I am sure I have written about this before, but I had chats with a number of CEO type persons over the last month such that I feel I must say it again.
In life, you do not get power, you take power. It is not a difficult concept. CEOs must take charge.
May I tell you a personal story? [I like asking things like that because it makes me seem reasonable, which I assure you I am, but I really don’t care if you give me permission. Here comes the story.]
Once Upon A Time In A Far Away Country
I was anointed by our military to conduct affairs of some considerable importance in a far away land.
They had trained me to do this — 4 glorious years at Virginia Military Institute from which I issued forth with a degree in civil engineering and a commission as a second lieutenant of combat engineers. This was followed in short order by the Engineer Officer Basic Course, Airborne School, and Ranger School.
In spite of all of that training — I was the son of a career soldier — I still struggled to differentiate Shit from Shinola. [Inside baseball, brown shoe Army sort of crude joke.]
So, off I go to this foreign land, filled with a sense of adventure, and maybe just the slightest bit of trepidation.
What happens then, Big Red Car?
I arrive at my unit which greeted me warmly (except for the Sergeant Major who approved of gonorrhea moreso than lieutenants) as they had a shortage of lieutenants.
They give me a platoon of 50 combat engineers and a platoon sergeant. Truth is the platoon is the sergeant’s not mine.
I wrote about the utility of platoon sergeants here:
I learn my trade — I was a good student.
We are building rafts to cross tanks and a bridge to cross the rest of an infantry division as we simulate attacking to the north to capture a foreign nation’s capital. It is a lot of fun and hard work.
Turns out I am good at this and that I was, in fact, well trained though there are earthy differences between the school book solutions and how it is done in the real world.
There is the Right Way, the Wrong Way, and the Army Way.
What happens then, Big Red Car?
The draft was full on in those days, the draft being an exercise in involuntary servitude whereby the country demanded of young men two years service in its armed forces. This had some funny results.
One of the odd results was that you received soldiers of differing backgrounds.
One of my soldiers had a degree in creative writing from Yale and was going to write a book. He was a little older because of the student deferment, but he was on a quest to obtain “material.”
He used to volunteer for duties others would shirk because he said, “That sounds like material.”
One of my other soldiers had a 4-year degree in civil engineering from Lehigh University, an excellent engineering school.
He had worked as a civil engineer for 5 years, had qualified for his Professional Engineer designation, but had not yet taken the test.
He was a Specialist Fourth Class and a boat driver. We used powerful little boats to drive the tank crossing rafts and to position the bridge when we swung it into the current. You can see one of the boats in the picture above wherein we are crossing an M-60 tank.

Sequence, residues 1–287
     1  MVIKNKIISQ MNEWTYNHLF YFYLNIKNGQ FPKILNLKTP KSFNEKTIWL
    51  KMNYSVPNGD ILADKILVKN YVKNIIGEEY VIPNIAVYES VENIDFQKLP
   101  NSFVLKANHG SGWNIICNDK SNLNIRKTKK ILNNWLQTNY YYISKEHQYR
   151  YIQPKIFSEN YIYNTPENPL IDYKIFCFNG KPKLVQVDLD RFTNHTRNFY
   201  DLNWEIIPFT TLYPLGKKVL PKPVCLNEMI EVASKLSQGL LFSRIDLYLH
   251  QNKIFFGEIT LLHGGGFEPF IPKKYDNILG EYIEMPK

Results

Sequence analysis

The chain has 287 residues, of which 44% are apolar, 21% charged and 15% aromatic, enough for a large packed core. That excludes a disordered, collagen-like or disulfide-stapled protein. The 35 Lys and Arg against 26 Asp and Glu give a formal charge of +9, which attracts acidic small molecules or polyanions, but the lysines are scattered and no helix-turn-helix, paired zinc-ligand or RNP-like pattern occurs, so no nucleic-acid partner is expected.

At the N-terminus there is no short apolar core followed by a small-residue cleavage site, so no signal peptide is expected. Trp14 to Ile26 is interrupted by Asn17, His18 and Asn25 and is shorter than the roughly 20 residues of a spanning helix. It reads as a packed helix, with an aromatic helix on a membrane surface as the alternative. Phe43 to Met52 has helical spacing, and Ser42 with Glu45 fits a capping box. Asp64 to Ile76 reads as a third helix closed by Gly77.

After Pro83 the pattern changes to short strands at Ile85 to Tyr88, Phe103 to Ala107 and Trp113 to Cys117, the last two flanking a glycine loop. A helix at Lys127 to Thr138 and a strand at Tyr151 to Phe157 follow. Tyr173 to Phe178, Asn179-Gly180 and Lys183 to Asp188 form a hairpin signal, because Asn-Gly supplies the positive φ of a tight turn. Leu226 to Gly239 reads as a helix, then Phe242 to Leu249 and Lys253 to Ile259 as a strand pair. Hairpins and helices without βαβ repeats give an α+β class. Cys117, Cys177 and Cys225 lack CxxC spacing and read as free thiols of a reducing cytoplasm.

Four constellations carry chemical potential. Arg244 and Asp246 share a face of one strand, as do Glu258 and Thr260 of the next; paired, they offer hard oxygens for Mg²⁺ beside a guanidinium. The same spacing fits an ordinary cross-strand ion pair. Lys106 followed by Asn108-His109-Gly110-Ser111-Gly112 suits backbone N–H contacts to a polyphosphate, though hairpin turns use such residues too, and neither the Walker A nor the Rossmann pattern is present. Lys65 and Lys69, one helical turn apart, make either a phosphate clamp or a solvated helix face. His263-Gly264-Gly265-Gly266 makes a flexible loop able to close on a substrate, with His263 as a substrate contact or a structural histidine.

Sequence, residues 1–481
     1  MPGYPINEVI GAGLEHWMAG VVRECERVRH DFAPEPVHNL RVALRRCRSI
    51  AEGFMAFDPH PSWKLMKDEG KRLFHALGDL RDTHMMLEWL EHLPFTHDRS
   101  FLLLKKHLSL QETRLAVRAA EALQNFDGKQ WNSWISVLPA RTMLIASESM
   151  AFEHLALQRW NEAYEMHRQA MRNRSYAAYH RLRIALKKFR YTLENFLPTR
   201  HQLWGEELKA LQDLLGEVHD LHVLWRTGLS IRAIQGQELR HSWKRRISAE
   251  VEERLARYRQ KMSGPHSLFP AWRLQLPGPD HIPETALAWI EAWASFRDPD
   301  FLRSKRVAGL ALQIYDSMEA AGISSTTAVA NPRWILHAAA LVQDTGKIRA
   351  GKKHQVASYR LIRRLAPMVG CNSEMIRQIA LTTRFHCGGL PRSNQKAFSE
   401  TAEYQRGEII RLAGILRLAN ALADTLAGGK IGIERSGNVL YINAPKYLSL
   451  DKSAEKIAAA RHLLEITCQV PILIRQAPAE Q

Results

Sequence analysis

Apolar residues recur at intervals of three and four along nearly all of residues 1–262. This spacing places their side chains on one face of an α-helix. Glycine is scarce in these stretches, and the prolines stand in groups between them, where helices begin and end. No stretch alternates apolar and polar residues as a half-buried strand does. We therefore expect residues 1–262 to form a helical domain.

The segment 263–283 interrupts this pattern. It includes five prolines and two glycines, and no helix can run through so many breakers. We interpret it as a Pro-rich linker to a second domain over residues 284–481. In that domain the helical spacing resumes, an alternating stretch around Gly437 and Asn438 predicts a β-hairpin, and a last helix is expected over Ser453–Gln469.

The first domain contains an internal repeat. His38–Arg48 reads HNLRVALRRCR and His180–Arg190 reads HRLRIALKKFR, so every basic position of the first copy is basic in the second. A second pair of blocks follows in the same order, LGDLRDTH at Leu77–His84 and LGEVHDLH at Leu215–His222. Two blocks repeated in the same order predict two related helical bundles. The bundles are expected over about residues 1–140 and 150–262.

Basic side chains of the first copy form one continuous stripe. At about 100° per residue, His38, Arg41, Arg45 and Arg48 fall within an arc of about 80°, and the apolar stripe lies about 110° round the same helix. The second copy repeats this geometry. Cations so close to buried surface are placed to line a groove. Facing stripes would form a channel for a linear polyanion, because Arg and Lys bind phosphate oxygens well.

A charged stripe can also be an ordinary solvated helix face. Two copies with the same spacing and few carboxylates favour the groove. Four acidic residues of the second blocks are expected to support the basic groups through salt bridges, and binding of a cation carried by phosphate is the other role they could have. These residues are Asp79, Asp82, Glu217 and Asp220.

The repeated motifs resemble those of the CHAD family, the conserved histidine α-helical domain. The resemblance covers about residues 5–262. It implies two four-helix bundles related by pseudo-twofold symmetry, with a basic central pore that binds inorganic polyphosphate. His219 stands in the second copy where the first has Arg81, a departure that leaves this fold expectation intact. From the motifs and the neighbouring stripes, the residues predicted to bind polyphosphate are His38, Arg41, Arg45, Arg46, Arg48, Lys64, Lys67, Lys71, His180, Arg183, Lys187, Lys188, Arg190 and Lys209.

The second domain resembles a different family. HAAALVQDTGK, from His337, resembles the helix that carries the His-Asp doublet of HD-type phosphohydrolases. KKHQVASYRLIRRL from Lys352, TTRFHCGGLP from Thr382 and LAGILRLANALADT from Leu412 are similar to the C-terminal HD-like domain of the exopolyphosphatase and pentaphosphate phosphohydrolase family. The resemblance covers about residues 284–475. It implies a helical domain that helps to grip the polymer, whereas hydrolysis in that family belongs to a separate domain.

He was very good at what he did.
Is there a denouement anywhere soon, Big Red Car?
So, that day we actually set the record for the speed with which we crossed the first tank. Very happy was the platoon leader, me.
In the midst of that glory, celebrated with burgers, hot dogs, and cold beer fished from the bottom of garbage cans filled with ice and a diminishing inventory of beer, the Lehigh Spec 4 asks his platoon leader, “Why are you in charge rather than me?”
I gave him my full attention as I detected the tiniest bit of insubordination flavored with a whiff of insurrection (completely wrong take on my part).
“Say your piece,” I say.
“Well, I have a degree in civil. You have a degree in civil. I was a practicing engineer designing roads, bridges, buildings pads. You have no real engineering experience. I was class president in high school.”
I felt where the conversation was headed and, honestly, he had a damn good point.
“So, why, LT, are you in charge and I am not?” Soldiers call their lieutenants “LT” as a bit of shorthand. It is not disrespectful at all.
To which I answered thusly, “I cannot really explain that, but what I can tell you is that I AM IN CHARGE.”
We both laughed. It was that kind of conversation and we were both proud of the results of the whole raft building thing.
He was a very good soldier. I promoted him thereafter to three stripe buck sergeant.
I put him in charge of building some fortifications we were replacing. He did a Hell of a job. I could tell he was a damn good engineer.
When he left for home, I happened to see him as he humped his duffel bag to the truck taking him to the airfield. We chatted for a second.
“You know something, Lieutenant, I was always OK with you being in charge. You did a good job. I really would not have liked the job anyway.”
Bottom line it, Big Red Car
The whole world wants somebody to be in charge of stuff. We have an every 4 years free-for-all to determine who runs the country.
But, the most important thing for any leader is to actually take charge. The first thing is to realize the people who follow you want somebody to run the show.
And, that, dear reader, is how the cow ate the cabbage long ago, far away. I wonder what the guy from Lehigh has done with his life? I bet he was one Hell of an engineer.